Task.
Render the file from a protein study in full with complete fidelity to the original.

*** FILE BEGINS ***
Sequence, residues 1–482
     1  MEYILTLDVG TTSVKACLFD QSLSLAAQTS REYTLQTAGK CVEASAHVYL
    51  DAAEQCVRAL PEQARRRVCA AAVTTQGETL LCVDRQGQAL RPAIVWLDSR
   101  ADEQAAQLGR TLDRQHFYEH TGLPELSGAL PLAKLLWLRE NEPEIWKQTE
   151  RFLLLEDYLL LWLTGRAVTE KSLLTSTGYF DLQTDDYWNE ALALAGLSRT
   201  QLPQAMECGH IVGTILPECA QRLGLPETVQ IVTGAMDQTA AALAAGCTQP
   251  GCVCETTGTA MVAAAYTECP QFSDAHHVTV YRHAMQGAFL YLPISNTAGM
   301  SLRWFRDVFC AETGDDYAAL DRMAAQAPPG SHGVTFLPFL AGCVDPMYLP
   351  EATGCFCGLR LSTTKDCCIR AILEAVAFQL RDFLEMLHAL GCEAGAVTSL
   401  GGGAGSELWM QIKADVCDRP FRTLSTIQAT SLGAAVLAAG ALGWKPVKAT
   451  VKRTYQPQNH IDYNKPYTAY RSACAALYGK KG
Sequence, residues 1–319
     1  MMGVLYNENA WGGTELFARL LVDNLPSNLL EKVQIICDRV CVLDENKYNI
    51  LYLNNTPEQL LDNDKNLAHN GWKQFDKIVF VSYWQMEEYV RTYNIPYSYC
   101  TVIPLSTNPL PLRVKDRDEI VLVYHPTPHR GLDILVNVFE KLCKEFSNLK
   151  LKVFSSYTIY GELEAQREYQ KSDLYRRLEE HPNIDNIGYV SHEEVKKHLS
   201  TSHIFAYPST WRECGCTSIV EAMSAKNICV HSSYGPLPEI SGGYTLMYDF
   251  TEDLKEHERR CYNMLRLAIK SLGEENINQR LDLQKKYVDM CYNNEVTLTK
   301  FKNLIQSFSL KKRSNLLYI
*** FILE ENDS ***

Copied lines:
Sequence, residues 1–482
     1  MEYILTLDVG TTSVKACLFD QSLSLAAQTS REYTLQTAGK CVEASAHVYL
    51  DAAEQCVRAL PEQARRRVCA AAVTTQGETL LCVDRQGQAL RPAIVWLDSR
   101  ADEQAAQLGR TLDRQHFYEH TGLPELSGAL PLAKLLWLRE NEPEIWKQTE
   151  RFLLLEDYLL LWLTGRAVTE KSLLTSTGYF DLQTDDYWNE ALALAGLSRT
   201  QLPQAMECGH IVGTILPECA QRLGLPETVQ IVTGAMDQTA AALAAGCTQP
   251  GCVCETTGTA MVAAAYTECP QFSDAHHVTV YRHAMQGAFL YLPISNTAGM
   301  SLRWFRDVFC AETGDDYAAL DRMAAQAPPG SHGVTFLPFL AGCVDPMYLP
   351  EATGCFCGLR LSTTKDCCIR AILEAVAFQL RDFLEMLHAL GCEAGAVTSL
   401  GGGAGSELWM QIKADVCDRP FRTLSTIQAT SLGAAVLAAG ALGWKPVKAT
   451  VKRTYQPQNH IDYNKPYTAY RSACAALYGK KG
Sequence, residues 1–319
     1  MMGVLYNENA WGGTELFARL LVDNLPSNLL EKVQIICDRV CVLDENKYNI
    51  LYLNNTPEQL LDNDKNLAHN GWKQFDKIVF VSYWQMEEYV RTYNIPYSYC
   101  TVIPLSTNPL PLRVKDRDEI VLVYHPTPHR GLDILVNVFE KLCKEFSNLK
   151  LKVFSSYTIY GELEAQREYQ KSDLYRRLEE HPNIDNIGYV SHEEVKKHLS
   201  TSHIFAYPST WRECGCTSIV EAMSAKNICV HSSYGPLPEI SGGYTLMYDF
   251  TEDLKEHERR CYNMLRLAIK SLGEENINQR LDLQKKYVDM CYNNEVTLTK
   301  FKNLIQSFSL KKRSNLLYI